Divided UN fails to agree on Turkey's offensive in Syria
The divided UN Security Council failed to agree on Turkey's offensive in northeast Syria on Thursday, with Europeans demanding a halt to military action and Syrian ally Russia calling for "restraint" and "direct dialogue" between the two countries.
The five European council members who called the closed meeting would have liked its 15 members to agree on a statement on the Turkish offensive, launched after President Donald Trump suddenly withdrew U.S. forces from the volatile northeast.
The United States proposed a statement that expressed "deep concern," called for protection of civilians, and asked Turkey to go through diplomatic channels rather than take military action, council diplomats said, speaking on condition of anonymity because consultations were private.
But Russia's UN Ambassador Vassily Nebenzia told reporters afterward that any Security Council statement needs to take into account other aspects of the Syrian crisis, not just the Turkish operation, and should demand the immediate termination of "the illegal military presence" in the country.
So the Europeans issued their own statement after the meeting, urging Turkey "to cease the unilateral military action." They said the offensive threatens progress against the extremist Islamic State group by a global coalition, undermines stability of the region and exacerbates "civilian suffering."
Turkey says it is targeting Kurdish fighters, who fought alongside U.S. forces in routing the Islamic State extremist group from northern Syria. President Recep Tayyip Erdogan's government considers the Kurds "terrorists" who are allied with Turkey's outlawed Kurdistan Workers' Party.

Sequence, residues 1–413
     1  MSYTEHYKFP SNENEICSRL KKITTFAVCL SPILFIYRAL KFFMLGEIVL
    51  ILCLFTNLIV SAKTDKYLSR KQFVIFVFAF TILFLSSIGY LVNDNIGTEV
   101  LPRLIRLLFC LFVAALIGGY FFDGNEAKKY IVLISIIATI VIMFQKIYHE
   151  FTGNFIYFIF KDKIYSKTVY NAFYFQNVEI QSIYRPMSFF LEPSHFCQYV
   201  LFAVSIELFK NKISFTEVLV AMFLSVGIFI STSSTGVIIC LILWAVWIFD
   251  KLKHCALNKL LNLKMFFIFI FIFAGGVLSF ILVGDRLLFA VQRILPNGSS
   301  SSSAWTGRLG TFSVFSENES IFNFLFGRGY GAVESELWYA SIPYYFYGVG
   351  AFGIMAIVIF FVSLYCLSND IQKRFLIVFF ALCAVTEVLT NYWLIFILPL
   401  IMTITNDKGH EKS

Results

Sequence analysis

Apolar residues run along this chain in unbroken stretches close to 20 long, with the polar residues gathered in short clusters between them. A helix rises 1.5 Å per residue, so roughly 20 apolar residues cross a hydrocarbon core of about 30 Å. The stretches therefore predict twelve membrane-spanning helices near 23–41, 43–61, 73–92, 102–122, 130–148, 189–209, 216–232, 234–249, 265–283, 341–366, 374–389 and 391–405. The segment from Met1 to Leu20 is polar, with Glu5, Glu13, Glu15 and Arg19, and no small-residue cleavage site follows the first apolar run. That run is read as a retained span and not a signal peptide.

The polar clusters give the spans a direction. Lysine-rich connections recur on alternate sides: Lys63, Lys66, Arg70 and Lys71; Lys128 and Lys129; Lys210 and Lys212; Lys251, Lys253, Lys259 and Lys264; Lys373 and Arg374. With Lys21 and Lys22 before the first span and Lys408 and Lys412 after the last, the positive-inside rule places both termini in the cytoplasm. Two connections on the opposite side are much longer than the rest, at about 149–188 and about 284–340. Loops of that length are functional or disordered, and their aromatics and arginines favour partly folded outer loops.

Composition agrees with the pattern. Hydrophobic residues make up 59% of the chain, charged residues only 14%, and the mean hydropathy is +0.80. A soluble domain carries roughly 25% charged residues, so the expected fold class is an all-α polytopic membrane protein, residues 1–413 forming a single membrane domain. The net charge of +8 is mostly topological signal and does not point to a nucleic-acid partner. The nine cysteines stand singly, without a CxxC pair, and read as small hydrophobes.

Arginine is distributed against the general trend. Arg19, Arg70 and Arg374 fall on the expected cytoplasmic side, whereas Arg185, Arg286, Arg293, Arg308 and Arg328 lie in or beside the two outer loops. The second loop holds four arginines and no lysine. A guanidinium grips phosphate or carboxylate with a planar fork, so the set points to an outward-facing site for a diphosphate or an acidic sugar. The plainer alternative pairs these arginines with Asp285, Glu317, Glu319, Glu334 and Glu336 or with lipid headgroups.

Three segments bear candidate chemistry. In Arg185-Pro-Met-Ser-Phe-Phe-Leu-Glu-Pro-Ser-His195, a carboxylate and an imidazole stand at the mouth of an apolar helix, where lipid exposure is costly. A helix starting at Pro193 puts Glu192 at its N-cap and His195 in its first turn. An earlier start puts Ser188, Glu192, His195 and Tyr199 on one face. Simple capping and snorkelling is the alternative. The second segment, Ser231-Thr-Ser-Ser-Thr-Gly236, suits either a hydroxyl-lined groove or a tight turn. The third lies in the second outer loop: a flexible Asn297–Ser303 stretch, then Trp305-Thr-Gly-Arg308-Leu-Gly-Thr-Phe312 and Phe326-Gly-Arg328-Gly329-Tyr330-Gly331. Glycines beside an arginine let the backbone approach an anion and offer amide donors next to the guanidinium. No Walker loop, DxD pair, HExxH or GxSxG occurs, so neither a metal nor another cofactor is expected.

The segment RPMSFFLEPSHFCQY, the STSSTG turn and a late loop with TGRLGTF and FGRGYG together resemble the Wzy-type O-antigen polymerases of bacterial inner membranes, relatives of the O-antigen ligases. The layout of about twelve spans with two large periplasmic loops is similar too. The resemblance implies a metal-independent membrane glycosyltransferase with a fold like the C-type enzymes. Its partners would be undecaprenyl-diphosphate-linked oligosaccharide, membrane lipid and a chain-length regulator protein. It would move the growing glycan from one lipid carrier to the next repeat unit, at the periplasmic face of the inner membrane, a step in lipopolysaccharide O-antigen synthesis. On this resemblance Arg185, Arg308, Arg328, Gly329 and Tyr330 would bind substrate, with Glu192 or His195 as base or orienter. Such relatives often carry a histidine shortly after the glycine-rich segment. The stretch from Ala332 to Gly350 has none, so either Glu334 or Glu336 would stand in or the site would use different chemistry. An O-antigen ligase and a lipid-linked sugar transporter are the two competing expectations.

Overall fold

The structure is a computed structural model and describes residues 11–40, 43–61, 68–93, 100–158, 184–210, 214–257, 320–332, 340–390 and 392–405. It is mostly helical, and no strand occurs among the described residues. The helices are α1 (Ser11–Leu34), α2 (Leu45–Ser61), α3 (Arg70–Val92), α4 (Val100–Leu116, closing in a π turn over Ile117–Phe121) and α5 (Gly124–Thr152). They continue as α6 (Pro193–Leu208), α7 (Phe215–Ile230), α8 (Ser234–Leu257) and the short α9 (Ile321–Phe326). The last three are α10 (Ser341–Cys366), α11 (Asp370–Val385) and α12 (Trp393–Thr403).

U.S. Ambassador Kelly Craft U.S. said Trump "has made abundantly clear" that the United States "has not in any way" endorsed Turkey's decision to mount a military incursion in northeast Syria.
She told reporters the president has emphasized to Turkey's government that it bears "full responsibility" for protecting Kurds and religious minorities, and for ensuring that IS fighters remain in prison and the extremist group doesn't reconstitute itself.
Craft stressed that Turkey's "failure to do so will have consequences." She didn't elaborate.
The council meeting again displayed the inability of the U.N.'s most powerful body to deal with the more than eight-year Syrian conflict, which has claimed over 400,000 lives.
The statement by the European council members -- United Kingdom, France, Germany, Belgium and Poland -- who were joined by Estonia which will join the council in January, was very similar to the European Union's statement issued Wednesday.
The council statement also urged protection of civilians and said "it is unlikely that a so-called 'safe zone' in northeast Syria, as envisioned by Turkey, would satisfy international criteria for refugee return." And it stressed that "any attempt at demographic change would be unacceptable."
Russia's Nebenzia called the Turkish operation "the result of demographic engineering some of the coalition partners did in the northeast of Syria."
"We warned them, (for a) long time, not to experiment with that, and not to try to count Arab tribes that lived initially in that area to be Kurdish," he said. "And now in fact the Kurdish (are) reaping the fruit of their demographic policies in that part of Syria."